Who doesn’t love a Miata? The zippy little car with the happy headlights and grinning grill is a staple of the enthusiast car culture, and has been for over 25 years now. There is one Miata, however, that doesn’t get as much love. Maybe it should. The NC Miata was produced between 2006 and 2015 and it’s not as pure…
Here at Jalopnik, we are, for the most part, big fans of the Mazda Miata. (You may have heard about this once or twice before.) The current ND generation roadster is arguably the closest evolution of the original NA Miata yet, and you may be surprised to find new and lightly used examples cheaper than you expected.
The 2017 Fiat 124 Spider is the best of all worlds; it has Italian design and performance with Japanese engineering. Our man Ballaban says it’s even better than the Miata. But I wouldn’t rush down to my local Fiat store right away, and here’s why.
Things are weird in the land of two-seater convertibles these days! We’ve Mazdas running around dressed up as Fiats, Japanese cars with turbocharged Italian engines, black is white, up is down, human sacrifice, dogs and cats living together... mass hysteria! It makes me long for a simpler time.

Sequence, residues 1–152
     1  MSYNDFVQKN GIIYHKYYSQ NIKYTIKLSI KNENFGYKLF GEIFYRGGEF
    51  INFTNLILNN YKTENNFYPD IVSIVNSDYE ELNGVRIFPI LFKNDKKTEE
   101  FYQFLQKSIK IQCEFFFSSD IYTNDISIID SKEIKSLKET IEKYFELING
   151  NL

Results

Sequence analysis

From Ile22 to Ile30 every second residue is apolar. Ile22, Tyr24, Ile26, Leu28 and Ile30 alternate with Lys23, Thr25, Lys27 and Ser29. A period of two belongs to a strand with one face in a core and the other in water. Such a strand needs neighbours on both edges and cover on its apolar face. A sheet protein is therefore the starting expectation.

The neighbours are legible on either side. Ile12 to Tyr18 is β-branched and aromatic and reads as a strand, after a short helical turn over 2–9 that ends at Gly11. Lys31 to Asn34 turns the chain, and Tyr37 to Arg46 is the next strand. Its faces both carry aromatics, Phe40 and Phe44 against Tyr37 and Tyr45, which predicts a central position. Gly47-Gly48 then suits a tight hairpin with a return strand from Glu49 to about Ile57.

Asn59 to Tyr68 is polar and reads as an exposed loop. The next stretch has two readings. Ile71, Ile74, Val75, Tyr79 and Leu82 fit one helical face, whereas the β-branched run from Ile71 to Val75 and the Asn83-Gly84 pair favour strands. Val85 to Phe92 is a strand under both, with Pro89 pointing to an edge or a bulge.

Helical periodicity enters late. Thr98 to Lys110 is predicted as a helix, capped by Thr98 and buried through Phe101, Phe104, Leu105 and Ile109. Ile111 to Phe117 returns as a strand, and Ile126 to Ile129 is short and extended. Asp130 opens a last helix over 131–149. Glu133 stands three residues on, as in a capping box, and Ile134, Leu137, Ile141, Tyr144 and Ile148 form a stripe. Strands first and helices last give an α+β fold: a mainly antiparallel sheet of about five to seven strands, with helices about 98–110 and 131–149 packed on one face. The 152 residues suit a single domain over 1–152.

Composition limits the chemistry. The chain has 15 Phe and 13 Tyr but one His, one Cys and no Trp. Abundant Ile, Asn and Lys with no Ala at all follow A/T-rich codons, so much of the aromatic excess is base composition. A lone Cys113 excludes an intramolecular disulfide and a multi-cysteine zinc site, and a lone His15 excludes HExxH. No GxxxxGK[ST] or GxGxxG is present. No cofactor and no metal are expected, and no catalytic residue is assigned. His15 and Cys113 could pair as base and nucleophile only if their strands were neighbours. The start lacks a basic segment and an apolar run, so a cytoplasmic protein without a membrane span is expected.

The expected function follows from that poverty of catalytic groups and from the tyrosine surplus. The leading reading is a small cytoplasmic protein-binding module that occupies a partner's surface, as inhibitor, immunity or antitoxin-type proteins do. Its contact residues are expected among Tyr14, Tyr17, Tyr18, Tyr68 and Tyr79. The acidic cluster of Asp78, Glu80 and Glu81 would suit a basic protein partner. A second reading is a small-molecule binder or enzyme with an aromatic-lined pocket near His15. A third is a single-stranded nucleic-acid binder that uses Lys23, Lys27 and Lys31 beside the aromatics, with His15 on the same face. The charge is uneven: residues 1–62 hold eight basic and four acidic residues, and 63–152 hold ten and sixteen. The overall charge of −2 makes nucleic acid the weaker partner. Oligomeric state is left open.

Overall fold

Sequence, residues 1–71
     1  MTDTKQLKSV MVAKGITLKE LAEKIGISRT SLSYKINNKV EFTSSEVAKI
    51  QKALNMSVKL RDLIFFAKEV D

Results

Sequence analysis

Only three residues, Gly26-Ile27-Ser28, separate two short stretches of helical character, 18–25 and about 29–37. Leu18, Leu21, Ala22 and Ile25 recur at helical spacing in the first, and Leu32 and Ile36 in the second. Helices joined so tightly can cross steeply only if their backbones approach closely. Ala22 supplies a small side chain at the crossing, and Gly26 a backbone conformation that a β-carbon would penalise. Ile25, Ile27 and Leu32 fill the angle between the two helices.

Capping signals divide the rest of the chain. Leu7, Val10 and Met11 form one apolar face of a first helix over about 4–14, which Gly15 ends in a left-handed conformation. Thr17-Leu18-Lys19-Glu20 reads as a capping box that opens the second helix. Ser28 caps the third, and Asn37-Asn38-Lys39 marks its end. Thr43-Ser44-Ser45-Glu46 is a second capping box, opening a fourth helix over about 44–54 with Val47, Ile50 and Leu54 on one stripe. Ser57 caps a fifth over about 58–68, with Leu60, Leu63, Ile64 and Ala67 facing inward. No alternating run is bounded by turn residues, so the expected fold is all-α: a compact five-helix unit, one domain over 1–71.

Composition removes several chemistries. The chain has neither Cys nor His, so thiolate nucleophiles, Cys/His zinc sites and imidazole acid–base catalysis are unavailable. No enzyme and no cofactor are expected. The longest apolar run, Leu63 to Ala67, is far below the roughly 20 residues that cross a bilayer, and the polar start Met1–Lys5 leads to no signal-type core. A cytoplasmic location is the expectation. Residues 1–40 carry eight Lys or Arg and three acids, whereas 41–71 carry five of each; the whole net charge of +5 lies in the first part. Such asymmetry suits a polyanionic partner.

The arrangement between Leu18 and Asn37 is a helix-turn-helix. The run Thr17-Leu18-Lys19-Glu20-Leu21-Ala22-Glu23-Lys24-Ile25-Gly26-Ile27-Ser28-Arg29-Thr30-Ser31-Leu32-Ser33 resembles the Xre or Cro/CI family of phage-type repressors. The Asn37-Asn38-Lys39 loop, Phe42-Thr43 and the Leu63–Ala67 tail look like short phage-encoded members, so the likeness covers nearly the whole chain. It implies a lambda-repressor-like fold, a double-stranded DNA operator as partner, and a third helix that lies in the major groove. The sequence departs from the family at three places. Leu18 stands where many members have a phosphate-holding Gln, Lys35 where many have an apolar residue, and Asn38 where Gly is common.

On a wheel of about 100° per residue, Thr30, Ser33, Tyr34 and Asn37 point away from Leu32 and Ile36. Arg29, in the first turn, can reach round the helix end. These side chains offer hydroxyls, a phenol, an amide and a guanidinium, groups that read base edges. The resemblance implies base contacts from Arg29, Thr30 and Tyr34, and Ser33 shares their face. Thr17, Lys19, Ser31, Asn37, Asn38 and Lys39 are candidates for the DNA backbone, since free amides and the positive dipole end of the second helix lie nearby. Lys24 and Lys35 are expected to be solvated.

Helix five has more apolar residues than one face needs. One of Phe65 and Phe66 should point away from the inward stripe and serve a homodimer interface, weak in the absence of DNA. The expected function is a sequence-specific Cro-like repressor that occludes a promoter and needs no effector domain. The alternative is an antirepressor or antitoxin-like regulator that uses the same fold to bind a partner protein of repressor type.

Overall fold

Everybody should start their driving careers in something weighing under 2,200 pounds before buying a Golf GTI, a V6 Camaro, or maybe a BMW M2 if they have a fat enough bank account. Like an MG Midget, for example—if you can fit.
For some reason Restoration Hardware only sells a version of this sleek Roadster Scoot that accommodates kids aged two to four—not adults. So if you and your partner have ever thought about having or adopting kids, you’ve now got a perfectly good reason to expand your family.
British engineering firm MMI is selling the Avocet sports car program including its design, all data as well as production and intellectual property rights. The car itself is a 1,600 pound mid-engined two-seater. Not a Miata, but close in spirit!
How can an independent Mazda survive to zoom-zoom another day? Alliances. Like, say, loaning its robust roadster tech to the Italian brand that once defined the genre as "fun but flimsy"? Yes, Mazda's inked a deal that could see the next MX-5 become an Alfa Romeo spider, and we couldn't be happier.